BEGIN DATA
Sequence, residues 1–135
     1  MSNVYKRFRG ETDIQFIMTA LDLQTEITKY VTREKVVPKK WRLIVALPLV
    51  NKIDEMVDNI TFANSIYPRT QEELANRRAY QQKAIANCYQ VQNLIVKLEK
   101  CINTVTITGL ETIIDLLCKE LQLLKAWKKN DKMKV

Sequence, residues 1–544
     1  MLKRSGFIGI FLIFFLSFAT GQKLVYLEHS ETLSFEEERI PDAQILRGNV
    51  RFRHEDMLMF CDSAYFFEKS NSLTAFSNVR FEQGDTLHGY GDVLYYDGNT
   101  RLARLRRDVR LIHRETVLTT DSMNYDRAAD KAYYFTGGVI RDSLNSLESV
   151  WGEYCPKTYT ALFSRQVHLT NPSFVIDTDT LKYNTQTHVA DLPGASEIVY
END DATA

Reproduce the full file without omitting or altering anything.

Sequence, residues 1–135
     1  MSNVYKRFRG ETDIQFIMTA LDLQTEITKY VTREKVVPKK WRLIVALPLV
    51  NKIDEMVDNI TFANSIYPRT QEELANRRAY QQKAIANCYQ VQNLIVKLEK
   101  CINTVTITGL ETIIDLLCKE LQLLKAWKKN DKMKV

Sequence, residues 1–544
     1  MLKRSGFIGI FLIFFLSFAT GQKLVYLEHS ETLSFEEERI PDAQILRGNV
    51  RFRHEDMLMF CDSAYFFEKS NSLTAFSNVR FEQGDTLHGY GDVLYYDGNT
   101  RLARLRRDVR LIHRETVLTT DSMNYDRAAD KAYYFTGGVI RDSLNSLESV
   151  WGEYCPKTYT ALFSRQVHLT NPSFVIDTDT LKYNTQTHVA DLPGASEIVY